During nesting season, which begins about March, Lee says those large winter flocks tend to break up into small breeding groups and the damage dissipates.
Lee says starlings, which are an introduced species, are pretty much representative of the Great Plains today. Redwing blackbirds (a native species) and cowbirds exhibit very similar habits to the starling, but blackbirds have larger migratory patterns from north to south and tend to roost in cattails or shrubby trees next to marshes. Starlings also will roost in wetland areas but not as exclusively as blackbirds, Lee says.
Control of birds is a unique challenge, particularly in the open-air design common to feedyards. “The choice is really to either prevent access to the feed or get rid of the birds,” Lee says.
The ideal would be to seal off the premises to birds, but it isn't feasible to cover acres of feeding pens and feed-making and storage facilities with netting. But coexistence is possible via a well-thought integrated pest management (IPM) approach. By starting early, realizing that pest control is an ongoing effort and maintaining safety standards, Lee says bird control can be achieved.
Frightening birds with pyrotechnics or noise is likely Lee's first choice of tactics in an IPM program, “but it depends on the size of lot and if it's a feed consumption or roosting problem. If it's a roosting issue, noise can usually resolve the problem.”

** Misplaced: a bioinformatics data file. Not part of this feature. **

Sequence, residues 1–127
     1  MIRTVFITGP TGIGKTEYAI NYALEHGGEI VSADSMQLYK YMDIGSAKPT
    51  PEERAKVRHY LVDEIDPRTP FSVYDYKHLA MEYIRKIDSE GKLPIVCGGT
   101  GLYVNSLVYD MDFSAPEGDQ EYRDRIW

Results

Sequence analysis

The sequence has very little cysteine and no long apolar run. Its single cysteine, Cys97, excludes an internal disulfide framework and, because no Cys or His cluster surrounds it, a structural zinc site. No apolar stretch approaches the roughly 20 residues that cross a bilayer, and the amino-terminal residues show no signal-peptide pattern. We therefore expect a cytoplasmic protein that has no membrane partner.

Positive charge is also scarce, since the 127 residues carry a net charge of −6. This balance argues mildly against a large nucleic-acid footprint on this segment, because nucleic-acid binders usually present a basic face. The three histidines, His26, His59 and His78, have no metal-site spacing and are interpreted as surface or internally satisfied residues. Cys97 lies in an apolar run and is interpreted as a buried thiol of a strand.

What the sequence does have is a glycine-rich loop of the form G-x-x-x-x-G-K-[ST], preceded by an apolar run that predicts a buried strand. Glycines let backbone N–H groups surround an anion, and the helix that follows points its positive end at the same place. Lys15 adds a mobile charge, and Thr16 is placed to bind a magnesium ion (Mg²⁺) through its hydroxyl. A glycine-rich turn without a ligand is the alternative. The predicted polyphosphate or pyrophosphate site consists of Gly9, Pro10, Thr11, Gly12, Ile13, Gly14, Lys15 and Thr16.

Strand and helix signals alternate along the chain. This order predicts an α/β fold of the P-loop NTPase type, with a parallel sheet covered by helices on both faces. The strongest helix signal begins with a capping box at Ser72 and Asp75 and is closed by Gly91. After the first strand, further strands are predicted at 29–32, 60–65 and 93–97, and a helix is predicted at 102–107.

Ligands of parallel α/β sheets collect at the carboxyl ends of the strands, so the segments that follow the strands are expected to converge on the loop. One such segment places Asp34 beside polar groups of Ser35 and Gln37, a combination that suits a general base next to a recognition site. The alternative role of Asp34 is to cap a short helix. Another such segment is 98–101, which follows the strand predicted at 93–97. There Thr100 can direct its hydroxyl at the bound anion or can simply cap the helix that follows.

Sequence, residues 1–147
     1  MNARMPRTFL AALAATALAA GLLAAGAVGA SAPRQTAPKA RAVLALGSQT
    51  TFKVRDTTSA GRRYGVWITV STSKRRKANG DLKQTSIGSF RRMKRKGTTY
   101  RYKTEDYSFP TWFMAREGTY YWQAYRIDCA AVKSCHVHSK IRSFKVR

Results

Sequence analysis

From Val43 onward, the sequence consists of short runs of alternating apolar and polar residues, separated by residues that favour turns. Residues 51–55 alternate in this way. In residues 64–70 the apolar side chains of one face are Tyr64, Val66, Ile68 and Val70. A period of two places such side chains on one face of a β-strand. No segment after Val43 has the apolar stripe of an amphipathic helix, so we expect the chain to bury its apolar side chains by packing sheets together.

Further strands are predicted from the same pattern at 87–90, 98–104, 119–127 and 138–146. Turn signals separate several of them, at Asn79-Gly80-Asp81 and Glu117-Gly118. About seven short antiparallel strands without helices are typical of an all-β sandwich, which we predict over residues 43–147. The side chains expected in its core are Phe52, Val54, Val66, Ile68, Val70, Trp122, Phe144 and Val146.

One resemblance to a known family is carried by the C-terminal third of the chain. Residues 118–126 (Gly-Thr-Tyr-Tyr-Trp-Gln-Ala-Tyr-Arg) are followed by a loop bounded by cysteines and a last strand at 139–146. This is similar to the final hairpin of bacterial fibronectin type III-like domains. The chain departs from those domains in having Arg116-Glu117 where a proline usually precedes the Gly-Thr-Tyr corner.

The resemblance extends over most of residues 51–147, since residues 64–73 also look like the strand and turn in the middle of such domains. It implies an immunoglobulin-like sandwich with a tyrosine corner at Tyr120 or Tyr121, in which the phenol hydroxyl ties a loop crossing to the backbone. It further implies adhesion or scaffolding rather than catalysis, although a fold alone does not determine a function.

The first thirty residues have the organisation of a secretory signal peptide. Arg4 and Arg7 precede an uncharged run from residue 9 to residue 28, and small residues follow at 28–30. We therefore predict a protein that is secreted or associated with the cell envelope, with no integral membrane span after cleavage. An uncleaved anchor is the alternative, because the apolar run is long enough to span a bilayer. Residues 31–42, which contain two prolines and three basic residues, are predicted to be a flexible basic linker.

Another benefit is that when frightened birds take flight, feedyard staff can evaluate the infestation, which may point the way to other strategies.
“But if it's a consumption issue in a large feedlot, noise will probably just move the birds to another part of the operation. Its effectiveness will also depend on alternative food resources; if the ground is snow covered and the birds have nowhere else to feed, they won't leave.”
Such tactics can be effective in driving off birds, but can eventually prove less so as birds become habituated to the sounds.
Avicides may be recommended in high-infestation areas of 100,000 birds or more. But Lee offers two admonitions on their use. First, check to see if their use is legal in your area. “Next, be sure to survey the premises for nontarget species such as doves, turkeys, etc., that feed in the alleyways,” he says.